Study participants were a convenience sample of 22 manifest HD patients (10 males and 12 females) with mild to moderate disease severity and 22 age, gender and education matched control volunteers recruited through the New Zealand Brain Research Institute database (Table 1). Patients were genetically verified and clinically diagnosed by a movement disorders specialist (TJA). Participants identified themselves as native speakers of English and consented to participate in compliance with the requirements of the New Zealand Ministry of Health Ethics Committee.

Table 1 Demographic characteristics (mean and SD) of control and HD groups

Experiment procedure

The MMSE, MoCA and a comprehensive neuropsychological test battery were administered to all participants. The comprehensive assessment of cognitive function used 19 neuropsychological tests to assess six domains of cognitive function (executive function; working memory and attention; learning and memory; processing speed; language; and visuospatial function). These tests were: executive function: letter, action and category fluency tests [21], Trail Making Test (Part B), Stroop-interference test; working memory and attention: digits forward, backward and sequencing tests [22], Symbol Digit Modalities Test [23] and Ruff 2 & 7 Cancellation Test – Accuracy [24]; learning and memory: Short California Verbal Learning Test-II and Brief Visuospatial Memory Test-Revised; processing speed: Stroop-word reading, Stroop-colour naming, Trail Making Test (Part A) and Ruff 2 & 7 Cancellation Test – Speed; language: Brief Boston Naming Test [25] and Indiana University Token Test [26]; and visuospatial function: Judgement of Line Orientation test (Form H) and Rey Complex Figure Copying test. For the MMSE, both alternatives (‘World’ spelled backwards and serial sevens) were assessed. The number of tests administered was evenly distributed over two separate sessions, one week apart and presented in the same order for all participants. Each session began with the MMSE in the first and MoCA in the second session. The three-part UHDRS, comprising motor, cognitive and behavioural components, was administered in the first session to the HD group only. All returning participants were reassessed in identical manner 12 months later.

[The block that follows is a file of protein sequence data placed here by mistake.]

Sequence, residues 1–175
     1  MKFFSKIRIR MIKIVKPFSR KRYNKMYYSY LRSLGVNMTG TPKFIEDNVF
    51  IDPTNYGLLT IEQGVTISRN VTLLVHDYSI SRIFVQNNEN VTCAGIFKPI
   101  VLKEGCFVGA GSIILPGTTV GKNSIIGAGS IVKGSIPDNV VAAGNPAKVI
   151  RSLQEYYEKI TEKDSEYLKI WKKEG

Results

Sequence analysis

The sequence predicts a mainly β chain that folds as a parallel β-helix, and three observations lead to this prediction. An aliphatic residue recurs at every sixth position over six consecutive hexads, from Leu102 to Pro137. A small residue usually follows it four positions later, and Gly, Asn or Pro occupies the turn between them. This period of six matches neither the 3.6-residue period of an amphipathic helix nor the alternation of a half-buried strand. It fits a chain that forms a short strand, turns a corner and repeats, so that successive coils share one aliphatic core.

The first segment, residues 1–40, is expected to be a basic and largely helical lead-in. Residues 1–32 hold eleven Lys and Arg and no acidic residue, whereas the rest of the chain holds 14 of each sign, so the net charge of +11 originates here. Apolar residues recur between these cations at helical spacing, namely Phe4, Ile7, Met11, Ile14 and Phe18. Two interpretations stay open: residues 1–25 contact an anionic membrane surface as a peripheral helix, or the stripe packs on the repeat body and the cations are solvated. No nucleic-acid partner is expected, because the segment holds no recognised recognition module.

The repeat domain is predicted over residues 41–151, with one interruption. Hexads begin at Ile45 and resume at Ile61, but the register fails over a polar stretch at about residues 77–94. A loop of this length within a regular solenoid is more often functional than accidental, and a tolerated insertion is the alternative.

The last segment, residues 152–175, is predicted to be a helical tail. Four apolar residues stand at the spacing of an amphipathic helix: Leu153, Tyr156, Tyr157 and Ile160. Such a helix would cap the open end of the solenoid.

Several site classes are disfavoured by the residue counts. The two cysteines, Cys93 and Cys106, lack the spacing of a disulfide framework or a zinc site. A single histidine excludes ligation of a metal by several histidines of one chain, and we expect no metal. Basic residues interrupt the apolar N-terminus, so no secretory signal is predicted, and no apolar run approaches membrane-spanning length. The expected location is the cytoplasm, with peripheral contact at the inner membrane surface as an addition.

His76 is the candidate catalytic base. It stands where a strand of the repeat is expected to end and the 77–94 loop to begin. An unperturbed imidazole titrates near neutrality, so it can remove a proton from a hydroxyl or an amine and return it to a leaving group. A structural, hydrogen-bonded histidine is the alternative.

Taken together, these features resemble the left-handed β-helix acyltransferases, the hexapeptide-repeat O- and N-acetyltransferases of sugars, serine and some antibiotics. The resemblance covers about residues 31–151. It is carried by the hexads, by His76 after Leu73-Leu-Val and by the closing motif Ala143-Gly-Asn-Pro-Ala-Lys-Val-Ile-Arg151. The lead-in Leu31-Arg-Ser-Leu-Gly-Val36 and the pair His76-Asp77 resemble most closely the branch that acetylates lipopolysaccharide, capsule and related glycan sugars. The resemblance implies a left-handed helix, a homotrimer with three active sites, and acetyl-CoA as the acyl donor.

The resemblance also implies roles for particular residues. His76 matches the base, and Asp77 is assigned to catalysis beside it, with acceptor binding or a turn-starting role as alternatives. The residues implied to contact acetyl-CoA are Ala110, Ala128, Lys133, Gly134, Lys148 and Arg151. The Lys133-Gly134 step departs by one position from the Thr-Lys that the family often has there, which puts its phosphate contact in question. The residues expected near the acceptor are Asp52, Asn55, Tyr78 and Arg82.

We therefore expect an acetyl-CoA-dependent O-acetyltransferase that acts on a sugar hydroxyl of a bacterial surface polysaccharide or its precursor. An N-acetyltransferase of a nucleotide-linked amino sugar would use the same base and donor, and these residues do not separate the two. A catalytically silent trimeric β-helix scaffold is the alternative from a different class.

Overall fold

Data analysis

Cognitive status – normal, mild cognitive impairment (MCI) or dementia – of HD participants was determined using evidence from the neuropsychological test battery and the UHDRS. Criteria for mild cognitive impairment (MCI) followed that described for Parkinson’s disease by Dalrymple-Alford et al. [27], with a requirement of 2 measures at -1.5SD or equivalent within a single domain; and dementia criteria followed that of Peavy et al. [5], which defined HD dementia as having cognitive deficits in at least two areas of cognition not limited to memory deficits in the context of impaired everyday function as determined through the UHDRS Functional Independence Scale.

The raw score of each component test in the neuropsychological test battery was converted to a standard z-score using test-specific norms so that objective comparison can be made across component tests, regardless of individual scale ranges and distributions. Domain-specific scores were mean aggregated scores of component tests within a cognitive domain and the average scores across all six cognitive domains determined the global cognitive z-score (overall global cognition). The MoCA scores were adjusted to participants’ education level [13]. The three cognitive tests (letter fluency, SDMT and Stroop tests) in the UHDRS cognitive component were part of the neuropsychological test battery so the mean aggregate z-score of these tests was used as the UHDRS cognitive score for both the HD and control groups.

Statistical analysis

For each of the measures, the differences between groups at baseline and the change over 12 months were determined using linear mixed-effects models [28]. These models take into account the correlated measurements within a participant when assessing the differences between groups and changes over time. The relationship between global cognition and brief cognitive tests, baseline and 12-month scores were assessed using R2 correlation coefficient from simple linear models. Bootstrapping [29] was used to assess differences between R2 correlation coefficients as standard analytical techniques were not applicable. Bootstrapping involved the original sample being resampled with replacement and the difference between R2 values in this new sample being determined. This was repeated 1000 times and the resulting distribution of differences in R2 values gave an indication of the mean difference and a 95% confidence interval. Cohen’s d was used to report effect sizes of differences between groups.


Cognition at baseline and change over time